An article on frequent flyer programs is admittedly a bit of a First World Problems discussion, so I promise I’ll try not to sound like Richard Quest from CNN, who is possibly the world’s most annoying business travel journalist.

 

Deal or bad deal? The Lufthansa frequent flyer program

I am naming and shaming Lufthansa here for their pretty crummy Miles and More frequent flyer program. Branding this as “Miles and More” is surely a joke.

More of what?

More overpriced luggage and smartwatches in their magazine that they send you, where if you trade in a few thousand frequent flyer miles you might be able to buy stuff slightly cheaper than on Amazon?

More pilots’ strikes to disrupt your travel itinerary?

“Miles and LESS” is a much more accurate description of their offerings.

Let’s face it, if you live in Germany and use Frankfurt or Munich as your home airport, most of the time you have little choice other than to fly Lufthansa, so trying to avoid them altogether and flying with SkyTeam or OneWorld is a bit of a non-starter.

This won’t get you very far unless you’re happy to change planes in Amsterdam, Paris or London. Granted, this could be an option from some of the smaller regional German airports but not the major hubs.

A business contact of mine is a Board Director of a major German industrial spare parts distributor. What he told me over lunch one day summed up perfectly why the Lufthansa frequent flyer program “Miles and More” is such a dreadful product.

He flies within Europe about 2-3 times per month in economy. Let’s face it, only someone extremely rich or stupid would fly business for a point-to-point short-haul flight.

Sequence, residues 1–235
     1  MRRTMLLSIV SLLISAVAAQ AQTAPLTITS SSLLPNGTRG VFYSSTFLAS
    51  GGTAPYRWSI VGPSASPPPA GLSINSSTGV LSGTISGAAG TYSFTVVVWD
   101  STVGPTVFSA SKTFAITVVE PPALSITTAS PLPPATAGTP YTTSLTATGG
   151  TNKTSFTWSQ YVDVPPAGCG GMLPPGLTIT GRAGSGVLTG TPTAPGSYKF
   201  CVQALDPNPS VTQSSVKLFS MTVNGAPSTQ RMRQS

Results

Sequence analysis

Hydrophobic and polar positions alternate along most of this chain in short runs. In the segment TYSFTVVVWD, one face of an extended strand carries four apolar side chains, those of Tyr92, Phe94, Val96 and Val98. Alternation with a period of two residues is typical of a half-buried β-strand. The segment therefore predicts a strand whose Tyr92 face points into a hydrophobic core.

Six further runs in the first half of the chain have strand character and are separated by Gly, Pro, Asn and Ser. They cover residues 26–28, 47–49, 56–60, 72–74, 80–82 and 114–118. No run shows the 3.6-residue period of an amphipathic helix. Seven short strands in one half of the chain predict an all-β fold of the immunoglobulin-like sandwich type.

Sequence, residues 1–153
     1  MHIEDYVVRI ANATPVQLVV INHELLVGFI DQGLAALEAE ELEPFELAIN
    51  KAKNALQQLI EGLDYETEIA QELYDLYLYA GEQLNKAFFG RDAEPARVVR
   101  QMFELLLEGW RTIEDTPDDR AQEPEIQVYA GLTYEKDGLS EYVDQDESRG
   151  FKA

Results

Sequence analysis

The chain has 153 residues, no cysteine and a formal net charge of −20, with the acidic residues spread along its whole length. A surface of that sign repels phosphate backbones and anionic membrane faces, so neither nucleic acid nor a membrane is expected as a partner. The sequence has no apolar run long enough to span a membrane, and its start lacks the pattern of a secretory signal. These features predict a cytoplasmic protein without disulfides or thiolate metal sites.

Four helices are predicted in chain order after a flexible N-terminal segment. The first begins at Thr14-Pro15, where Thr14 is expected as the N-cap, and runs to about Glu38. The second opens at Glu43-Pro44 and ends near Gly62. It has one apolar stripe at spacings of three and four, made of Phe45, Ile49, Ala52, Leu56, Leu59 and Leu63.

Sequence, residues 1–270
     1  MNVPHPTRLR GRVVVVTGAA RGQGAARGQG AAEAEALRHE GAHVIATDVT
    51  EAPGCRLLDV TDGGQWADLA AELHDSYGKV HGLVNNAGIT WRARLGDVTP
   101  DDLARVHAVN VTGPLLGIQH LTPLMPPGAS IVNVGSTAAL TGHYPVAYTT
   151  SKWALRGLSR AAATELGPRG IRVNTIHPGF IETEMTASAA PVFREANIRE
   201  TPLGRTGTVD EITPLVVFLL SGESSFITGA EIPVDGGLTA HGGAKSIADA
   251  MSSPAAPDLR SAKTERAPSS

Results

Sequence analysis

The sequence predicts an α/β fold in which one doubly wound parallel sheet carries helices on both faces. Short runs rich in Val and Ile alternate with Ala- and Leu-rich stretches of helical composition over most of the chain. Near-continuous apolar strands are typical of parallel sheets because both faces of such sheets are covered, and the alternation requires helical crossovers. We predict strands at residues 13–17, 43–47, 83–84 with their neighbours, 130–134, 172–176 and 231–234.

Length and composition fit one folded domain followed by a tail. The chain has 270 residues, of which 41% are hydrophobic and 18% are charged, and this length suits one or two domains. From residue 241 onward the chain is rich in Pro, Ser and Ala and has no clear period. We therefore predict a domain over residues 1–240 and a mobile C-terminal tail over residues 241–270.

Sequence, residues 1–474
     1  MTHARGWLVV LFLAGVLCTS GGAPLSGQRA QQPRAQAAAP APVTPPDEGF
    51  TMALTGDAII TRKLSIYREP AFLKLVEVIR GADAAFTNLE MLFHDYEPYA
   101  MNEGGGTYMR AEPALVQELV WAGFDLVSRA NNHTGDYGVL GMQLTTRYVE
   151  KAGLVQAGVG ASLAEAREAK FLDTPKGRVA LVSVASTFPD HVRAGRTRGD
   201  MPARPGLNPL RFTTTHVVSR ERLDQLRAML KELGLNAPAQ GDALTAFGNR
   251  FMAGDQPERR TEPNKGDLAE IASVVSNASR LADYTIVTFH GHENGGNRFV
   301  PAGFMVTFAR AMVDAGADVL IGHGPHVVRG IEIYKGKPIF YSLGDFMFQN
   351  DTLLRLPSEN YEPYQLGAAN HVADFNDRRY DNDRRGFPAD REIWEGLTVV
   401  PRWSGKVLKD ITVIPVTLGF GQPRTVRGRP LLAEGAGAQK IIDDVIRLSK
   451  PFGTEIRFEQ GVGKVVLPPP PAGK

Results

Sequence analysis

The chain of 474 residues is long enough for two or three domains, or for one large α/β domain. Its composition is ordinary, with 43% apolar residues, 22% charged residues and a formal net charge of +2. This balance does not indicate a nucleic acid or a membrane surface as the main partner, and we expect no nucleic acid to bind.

Now, that’s a lot of security checks and general airport hassle. What bugged him the most is that he is what most airlines would consider a frequent customer but because he doesn’t fly intercontinental, he struggles even to maintain Silver status with Lufthansa. And this is a chap who takes around 30 flights per year!

With the miles he travels, as I will show you, this would mean Gold status with pretty much all of Lufthansa’s Star Alliance partners. My recommendation therefore is to join another Star Alliance rewards club than the Lufthansa frequent flyer program.

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Star Alliance’s Terms & Conditions state that you can sign up for as many partner airline programs as you wish, but the miles are not transferrable from one to the other.

So, if you’ve accumulated miles on Lufthansa Miles and More and you then sign up for United’s MileagePlus, the miles you earned on Lufthansa cannot be transferred over. Although that said, you can still redeem your Lufthansa miles through Miles and More if you have enough of them banked.

In making this a fair test, I have assumed in each case that the participant is resident in Germany because some airlines tailor their offers based on the level of competition for members in their country of residence.

For Americans, I would strongly recommend you sign up in the States if you still have a valid address which you can use for correspondence.

The U.S. is an especially competitive market for credit cards linked to airlines’ frequent flyer schemes, which can offer up to 100,000 miles as a joining bonus. That is a pretty meaty head-start over what us deal-starved Europeans get as offers by comparison!

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